Ok, I think I understand that. Not sure what the actual problem is, and on the systems I've used, I have mostly used FireFox, and not really familiar with Seamonkey.
Doing what? I have run systems similar to yours with jre, and I haven't seen it in any profiling data - so what are you doing when it's running slower?
install suns jre 1.6, enable java in seamonkey and start the browser. That was a major reduction in system performance. only installed the jre to try to attend a webcast on security.
no profiling data, only counting of second blinks in the clock, 15 second load time with no java, 45 second load time with java.
[ multiple jre options is a critical flaw in the java language in my opinion, and until one jre will run every java app as written, it is not usable. ( don't forget, sun broke backwards compatibility with their own jre between 1.12 and 1.14 so there is no true backwards compatibility in java* ) ]
How about using oprofile to measure the difference, and point the code out to someone who can fix it, if it's that noticeable - assuming of course you are not using Java-code to do something, in which case I expect jre to appear somewhere on the profile.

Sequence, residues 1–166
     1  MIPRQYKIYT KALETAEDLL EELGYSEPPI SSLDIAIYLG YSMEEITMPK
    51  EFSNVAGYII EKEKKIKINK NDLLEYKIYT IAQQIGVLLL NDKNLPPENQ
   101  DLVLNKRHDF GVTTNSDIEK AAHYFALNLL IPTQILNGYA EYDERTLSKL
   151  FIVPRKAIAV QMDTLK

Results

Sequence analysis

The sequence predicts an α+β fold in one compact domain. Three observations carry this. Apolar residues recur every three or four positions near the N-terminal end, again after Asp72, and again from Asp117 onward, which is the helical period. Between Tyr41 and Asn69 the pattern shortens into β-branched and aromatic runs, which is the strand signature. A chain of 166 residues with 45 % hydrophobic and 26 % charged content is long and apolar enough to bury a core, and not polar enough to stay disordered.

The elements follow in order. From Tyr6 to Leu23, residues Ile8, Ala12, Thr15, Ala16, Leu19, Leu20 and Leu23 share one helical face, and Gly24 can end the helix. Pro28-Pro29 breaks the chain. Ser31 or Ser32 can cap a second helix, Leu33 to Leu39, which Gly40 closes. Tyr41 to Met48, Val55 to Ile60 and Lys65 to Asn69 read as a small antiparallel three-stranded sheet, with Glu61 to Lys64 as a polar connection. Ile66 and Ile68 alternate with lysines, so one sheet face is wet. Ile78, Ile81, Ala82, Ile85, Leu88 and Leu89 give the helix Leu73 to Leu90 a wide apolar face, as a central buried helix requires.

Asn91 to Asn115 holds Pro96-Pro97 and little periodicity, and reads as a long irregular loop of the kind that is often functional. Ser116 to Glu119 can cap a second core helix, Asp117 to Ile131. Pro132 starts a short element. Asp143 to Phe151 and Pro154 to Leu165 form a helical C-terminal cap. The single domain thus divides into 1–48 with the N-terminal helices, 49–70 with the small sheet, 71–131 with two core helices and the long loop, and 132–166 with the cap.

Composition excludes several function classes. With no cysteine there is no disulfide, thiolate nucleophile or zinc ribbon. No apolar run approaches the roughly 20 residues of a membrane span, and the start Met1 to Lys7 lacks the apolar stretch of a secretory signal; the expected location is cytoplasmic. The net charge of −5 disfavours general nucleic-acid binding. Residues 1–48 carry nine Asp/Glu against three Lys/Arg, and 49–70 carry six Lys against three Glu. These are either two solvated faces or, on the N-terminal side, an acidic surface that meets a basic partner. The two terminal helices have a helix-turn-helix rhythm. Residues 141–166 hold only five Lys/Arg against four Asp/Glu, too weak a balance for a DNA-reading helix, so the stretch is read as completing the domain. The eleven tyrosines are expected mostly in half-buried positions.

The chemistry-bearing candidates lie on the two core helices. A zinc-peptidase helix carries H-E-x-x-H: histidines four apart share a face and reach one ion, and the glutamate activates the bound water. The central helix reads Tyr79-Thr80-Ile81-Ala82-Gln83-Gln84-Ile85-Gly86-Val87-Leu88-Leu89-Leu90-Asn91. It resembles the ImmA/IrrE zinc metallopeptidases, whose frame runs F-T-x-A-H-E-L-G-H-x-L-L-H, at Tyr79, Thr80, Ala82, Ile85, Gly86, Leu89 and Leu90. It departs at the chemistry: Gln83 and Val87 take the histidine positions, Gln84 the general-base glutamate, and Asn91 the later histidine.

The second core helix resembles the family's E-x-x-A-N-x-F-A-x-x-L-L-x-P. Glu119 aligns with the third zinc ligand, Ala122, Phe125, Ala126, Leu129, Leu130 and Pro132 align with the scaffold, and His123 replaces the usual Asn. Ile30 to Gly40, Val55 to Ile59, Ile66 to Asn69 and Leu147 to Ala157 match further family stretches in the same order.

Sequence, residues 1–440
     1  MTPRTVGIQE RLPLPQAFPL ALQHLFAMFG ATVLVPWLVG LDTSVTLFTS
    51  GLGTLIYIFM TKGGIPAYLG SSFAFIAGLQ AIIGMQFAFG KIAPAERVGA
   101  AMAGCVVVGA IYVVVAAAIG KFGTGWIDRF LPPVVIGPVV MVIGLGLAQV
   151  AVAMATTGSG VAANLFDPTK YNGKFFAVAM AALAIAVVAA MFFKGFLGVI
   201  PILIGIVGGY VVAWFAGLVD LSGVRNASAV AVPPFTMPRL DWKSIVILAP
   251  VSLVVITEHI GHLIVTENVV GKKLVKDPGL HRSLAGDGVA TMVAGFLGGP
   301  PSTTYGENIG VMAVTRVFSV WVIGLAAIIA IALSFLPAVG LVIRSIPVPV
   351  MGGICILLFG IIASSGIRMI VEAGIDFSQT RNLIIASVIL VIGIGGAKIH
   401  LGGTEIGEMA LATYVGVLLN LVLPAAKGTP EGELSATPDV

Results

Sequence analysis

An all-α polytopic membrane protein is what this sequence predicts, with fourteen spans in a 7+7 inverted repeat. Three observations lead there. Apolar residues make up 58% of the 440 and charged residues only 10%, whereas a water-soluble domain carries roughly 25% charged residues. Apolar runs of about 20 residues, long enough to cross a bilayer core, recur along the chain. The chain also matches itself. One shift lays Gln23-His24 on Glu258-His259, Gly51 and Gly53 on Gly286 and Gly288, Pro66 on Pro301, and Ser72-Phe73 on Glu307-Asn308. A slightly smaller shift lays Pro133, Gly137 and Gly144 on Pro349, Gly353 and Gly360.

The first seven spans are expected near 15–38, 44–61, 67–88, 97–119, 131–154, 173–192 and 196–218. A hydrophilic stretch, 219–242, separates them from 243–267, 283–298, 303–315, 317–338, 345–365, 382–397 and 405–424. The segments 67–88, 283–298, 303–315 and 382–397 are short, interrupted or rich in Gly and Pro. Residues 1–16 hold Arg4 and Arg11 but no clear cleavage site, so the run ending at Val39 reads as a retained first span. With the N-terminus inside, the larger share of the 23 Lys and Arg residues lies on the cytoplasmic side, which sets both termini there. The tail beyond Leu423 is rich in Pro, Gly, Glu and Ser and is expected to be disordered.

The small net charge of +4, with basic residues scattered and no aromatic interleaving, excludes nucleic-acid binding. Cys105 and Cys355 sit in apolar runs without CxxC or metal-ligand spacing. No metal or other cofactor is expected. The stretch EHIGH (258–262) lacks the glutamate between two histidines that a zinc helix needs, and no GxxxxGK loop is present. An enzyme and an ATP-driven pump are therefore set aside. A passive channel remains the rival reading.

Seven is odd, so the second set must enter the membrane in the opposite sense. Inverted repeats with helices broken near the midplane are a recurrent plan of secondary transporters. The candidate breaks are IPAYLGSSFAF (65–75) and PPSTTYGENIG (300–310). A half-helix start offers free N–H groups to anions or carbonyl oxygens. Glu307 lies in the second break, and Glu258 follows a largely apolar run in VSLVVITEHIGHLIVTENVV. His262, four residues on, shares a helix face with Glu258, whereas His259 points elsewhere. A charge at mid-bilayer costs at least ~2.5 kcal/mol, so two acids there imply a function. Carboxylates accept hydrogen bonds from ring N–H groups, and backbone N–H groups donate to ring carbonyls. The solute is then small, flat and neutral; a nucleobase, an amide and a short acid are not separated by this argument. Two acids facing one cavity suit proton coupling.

to do that, I would have to have actually been running a java app, not just one with support for java enabled. I didn't get as far as installing the client software for the webcast, as well as actually want java apps on my system. If it requires java, it is of no use, until java is open source, and has one jre with full backwards compatibility I'll not use any java app.
*When I say backwards compatibility, I mean all java apps ever written, which is what Sun broke between sun jre-1.12 and sun jre1.14,( 1998 ) so java has zero backwards compatibility, by SUN's own design.